In one town the police raided a house that was called “terrorist based”. The people who lived there were a family of color who had a son in his early 20’s who worked as a landscaper. The police came in, viciously wrecked the house, and the only “crime” that was evident, after the fact, was less than a gram of marijuana.

In good faith, the son gave the police $876 that his boss had given him to buy a few lawn mowers and asked them to give the money to his boss so he wouldn’t get in trouble and lose his job.

The police, instead, confiscated the $876 as drug money. It would cost the family much more than that in lawyer fees to get the money back.

These machines, the MRAP’s, are not supposed to be used for riot suppression in the United States. But they made an appearance in Ferguson, MO, where they were used against the people who protested police brutality.

When Dave Grossman lectures the police about the joys of using these weapons, he tells police that “after a tense, “successful” raid you will go home and have the best sex of your lives.”

Grossman also tells the police that after a “successful” raid, they should pull the MRAP up onto an overpass that looks over the city that they “police” and picture themselves standing there with the capes of superheroes blowing in the wind. That makes me sick.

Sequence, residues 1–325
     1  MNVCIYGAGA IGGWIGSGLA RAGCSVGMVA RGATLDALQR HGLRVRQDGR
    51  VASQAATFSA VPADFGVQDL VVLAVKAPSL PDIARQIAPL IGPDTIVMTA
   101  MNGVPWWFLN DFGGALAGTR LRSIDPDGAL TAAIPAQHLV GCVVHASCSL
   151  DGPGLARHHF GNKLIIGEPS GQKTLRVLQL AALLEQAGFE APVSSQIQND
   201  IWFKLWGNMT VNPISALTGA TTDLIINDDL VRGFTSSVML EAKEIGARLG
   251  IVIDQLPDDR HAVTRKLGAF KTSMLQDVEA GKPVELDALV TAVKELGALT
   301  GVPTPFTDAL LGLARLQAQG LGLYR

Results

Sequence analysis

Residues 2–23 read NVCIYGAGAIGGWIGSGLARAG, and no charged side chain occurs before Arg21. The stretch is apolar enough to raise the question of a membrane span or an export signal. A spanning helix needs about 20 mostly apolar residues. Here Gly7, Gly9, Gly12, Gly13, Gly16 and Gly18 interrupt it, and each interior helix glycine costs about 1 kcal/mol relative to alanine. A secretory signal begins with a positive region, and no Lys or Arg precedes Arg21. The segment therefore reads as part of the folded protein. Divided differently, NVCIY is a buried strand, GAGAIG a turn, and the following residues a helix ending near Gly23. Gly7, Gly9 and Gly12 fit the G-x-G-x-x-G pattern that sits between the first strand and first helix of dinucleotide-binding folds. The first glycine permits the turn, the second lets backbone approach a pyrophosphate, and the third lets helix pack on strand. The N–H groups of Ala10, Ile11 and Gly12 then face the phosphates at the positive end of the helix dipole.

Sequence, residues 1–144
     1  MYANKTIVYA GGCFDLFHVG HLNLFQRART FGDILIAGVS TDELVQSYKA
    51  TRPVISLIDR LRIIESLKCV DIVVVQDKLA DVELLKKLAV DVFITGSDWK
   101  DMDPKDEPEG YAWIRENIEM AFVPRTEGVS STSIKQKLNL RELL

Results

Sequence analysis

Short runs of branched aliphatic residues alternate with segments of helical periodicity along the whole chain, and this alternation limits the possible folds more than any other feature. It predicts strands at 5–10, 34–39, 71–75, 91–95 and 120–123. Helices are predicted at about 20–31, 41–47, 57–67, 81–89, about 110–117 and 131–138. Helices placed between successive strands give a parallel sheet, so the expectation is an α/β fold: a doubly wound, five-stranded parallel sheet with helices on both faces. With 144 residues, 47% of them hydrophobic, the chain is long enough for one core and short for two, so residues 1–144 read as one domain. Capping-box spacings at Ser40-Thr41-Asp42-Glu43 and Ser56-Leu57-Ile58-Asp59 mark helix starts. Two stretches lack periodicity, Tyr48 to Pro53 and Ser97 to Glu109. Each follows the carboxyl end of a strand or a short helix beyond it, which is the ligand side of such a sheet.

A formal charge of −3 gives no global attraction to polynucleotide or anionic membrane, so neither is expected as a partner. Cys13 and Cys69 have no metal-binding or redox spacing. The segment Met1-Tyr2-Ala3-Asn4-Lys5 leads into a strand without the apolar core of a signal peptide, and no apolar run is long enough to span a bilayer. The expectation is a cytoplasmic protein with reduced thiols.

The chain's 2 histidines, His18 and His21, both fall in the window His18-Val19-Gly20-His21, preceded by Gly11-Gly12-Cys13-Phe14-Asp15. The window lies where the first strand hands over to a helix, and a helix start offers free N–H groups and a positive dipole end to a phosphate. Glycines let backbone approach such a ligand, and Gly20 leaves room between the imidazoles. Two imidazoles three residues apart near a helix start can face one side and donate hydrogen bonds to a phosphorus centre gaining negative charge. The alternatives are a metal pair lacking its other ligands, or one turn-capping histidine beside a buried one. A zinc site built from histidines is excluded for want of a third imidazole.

The documentaryDo Not Resist has won the 2016 Tribeca Film Festival Award for Documentary of the Year.

The Most Frightening Election of My Life

When George W. Bush was running for President, it was scary. I couldn’t think of a worse outcome than having George W. become President. Yet I find it even harder to believe that a man as unstable, dishonest and dangerous as Donald Trump is actually being considered to lead our nation at this crucial time. Donald Trump makes George W. seem like a gem. I’m not saying that Dubya isn’t flawed—I’m saying that Donald Trump—a misogynist, a liar, an arrogant bully—is the worst leader we could ever have for President.

Trump is a racist, a fascist, and his goal is to “destabilize” the election by having his supporters act as “deputized” but amateur poll monitors. The people of our nation, even with all its imperfections, need to really consider whether they want a man at the helm who cares nothing for the country but slavers at the power of the Presidency.